Port of Winnipeg

Leading up to the City Summit held this week in Winnipeg, a number of interesting proposals have been articulated to revitalize Winnipeg’s downtown area. One of the proposals harkens back to an earlier era, when Winnipeg’s first connection to the outside world was north-south, before the coming of the Canadian Pacific Railway in 1881, which linked Winnipeg to the east and west coasts.

Michael Dudley, of the Institute of Urban Studies at the University of Winnipeg, in a recent Winnipeg Free Press article — one of a series on urban renewal in the downtown — proposed that inner-city revitalization can come in the form of a return to cargo transportation on the Red River.

Dudley said the potential for this shift arises because of the skyrocketing cost of fuel for air and truck transportation — moving freight via waterways is significantly more fuel efficient than other forms of transportation. “As author James Howard Kunstler pointed out at the U of W event, downtown waterfronts will therefore need to be made into working docks again  — something we may still have the potential to do along Waterfront Drive,” he told the Free Press.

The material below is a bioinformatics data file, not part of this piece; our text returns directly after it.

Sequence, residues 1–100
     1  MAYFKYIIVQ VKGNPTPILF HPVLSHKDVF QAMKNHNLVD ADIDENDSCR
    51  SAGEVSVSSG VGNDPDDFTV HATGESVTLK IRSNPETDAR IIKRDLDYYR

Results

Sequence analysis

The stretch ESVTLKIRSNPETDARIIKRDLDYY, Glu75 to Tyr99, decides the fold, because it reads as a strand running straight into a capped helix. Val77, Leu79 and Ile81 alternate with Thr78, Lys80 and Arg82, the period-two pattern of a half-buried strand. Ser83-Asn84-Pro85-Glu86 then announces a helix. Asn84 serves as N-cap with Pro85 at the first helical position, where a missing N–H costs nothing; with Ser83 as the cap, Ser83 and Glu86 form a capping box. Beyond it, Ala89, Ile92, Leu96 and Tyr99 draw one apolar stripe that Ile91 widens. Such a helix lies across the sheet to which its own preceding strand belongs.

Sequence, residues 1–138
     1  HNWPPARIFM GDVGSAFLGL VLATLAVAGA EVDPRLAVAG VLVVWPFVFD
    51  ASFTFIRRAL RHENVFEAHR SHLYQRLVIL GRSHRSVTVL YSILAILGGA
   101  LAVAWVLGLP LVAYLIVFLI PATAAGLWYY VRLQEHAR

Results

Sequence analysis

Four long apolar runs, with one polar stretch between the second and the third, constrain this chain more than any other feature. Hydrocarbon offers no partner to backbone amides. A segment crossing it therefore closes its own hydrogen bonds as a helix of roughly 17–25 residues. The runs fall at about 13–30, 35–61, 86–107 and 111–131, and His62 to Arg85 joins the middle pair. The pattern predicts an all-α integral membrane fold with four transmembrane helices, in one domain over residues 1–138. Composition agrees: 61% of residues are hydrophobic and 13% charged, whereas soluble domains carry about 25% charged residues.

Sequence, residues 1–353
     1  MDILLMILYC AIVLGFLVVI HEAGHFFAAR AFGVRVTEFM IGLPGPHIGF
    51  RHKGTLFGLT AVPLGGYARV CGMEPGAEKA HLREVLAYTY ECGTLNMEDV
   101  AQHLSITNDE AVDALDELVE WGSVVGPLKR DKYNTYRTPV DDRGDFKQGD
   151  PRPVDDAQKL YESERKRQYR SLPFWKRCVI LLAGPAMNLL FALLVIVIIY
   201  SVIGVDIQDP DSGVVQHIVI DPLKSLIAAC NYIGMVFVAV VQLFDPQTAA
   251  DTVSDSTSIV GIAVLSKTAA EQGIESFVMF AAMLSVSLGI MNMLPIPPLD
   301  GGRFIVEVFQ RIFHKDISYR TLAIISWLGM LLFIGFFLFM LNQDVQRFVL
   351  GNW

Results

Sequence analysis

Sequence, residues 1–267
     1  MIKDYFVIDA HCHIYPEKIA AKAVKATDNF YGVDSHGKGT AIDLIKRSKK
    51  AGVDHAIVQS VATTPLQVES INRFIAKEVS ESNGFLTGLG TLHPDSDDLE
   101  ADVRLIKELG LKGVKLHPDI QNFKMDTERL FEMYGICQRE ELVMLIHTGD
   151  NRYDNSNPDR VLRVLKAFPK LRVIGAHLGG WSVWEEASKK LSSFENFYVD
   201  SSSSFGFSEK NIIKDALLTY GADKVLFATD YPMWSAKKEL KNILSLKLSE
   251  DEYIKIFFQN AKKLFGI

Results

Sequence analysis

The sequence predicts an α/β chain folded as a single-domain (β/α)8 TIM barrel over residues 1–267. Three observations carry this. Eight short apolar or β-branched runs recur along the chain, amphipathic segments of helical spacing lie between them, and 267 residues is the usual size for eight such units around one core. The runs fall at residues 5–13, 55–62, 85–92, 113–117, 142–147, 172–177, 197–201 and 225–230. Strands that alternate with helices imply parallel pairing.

The Anson Northrup was the first steamship to reach the Red River Settlement, as the Winnipeg area was then called, arriving on Thursday, June 10, 1859. As the steamboat whistle sounded to herald its arrival, residents rushed out to meet the steamboat at the landing at the Hudson’s Bay Company’s Fort Garry post. It was reported that children screamed and dogs barked, the bells at St. Boniface Cathedral rang. The commander of the British force ordered the firing of the cannon to honour the event and the Union Jack was hoisted.